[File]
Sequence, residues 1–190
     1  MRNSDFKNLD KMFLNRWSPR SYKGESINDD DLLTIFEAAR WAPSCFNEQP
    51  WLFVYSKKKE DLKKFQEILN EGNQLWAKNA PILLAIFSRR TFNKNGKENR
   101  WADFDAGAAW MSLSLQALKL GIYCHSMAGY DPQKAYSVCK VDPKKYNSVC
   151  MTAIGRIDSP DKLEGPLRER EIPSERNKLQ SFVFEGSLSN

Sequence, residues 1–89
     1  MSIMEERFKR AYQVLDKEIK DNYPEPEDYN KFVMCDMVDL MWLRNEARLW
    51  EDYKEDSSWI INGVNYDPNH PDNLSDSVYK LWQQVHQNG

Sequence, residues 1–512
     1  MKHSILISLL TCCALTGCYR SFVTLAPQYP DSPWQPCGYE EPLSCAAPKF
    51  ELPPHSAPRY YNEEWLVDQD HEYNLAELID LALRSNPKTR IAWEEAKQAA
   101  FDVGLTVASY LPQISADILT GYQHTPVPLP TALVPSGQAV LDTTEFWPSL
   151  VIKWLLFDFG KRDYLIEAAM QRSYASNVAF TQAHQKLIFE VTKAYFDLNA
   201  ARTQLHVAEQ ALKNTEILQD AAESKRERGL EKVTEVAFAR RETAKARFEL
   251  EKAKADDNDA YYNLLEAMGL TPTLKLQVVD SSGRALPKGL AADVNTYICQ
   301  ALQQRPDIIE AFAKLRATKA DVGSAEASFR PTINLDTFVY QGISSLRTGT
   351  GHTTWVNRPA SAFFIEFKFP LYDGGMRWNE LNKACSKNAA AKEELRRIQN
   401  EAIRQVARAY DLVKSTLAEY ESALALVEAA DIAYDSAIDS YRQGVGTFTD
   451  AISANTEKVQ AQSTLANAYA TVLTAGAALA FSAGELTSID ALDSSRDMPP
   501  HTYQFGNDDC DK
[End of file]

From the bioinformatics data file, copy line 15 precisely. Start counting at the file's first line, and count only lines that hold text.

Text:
   251  EKAKADDNDA YYNLLEAMGL TPTLKLQVVD SSGRALPKGL AADVNTYICQ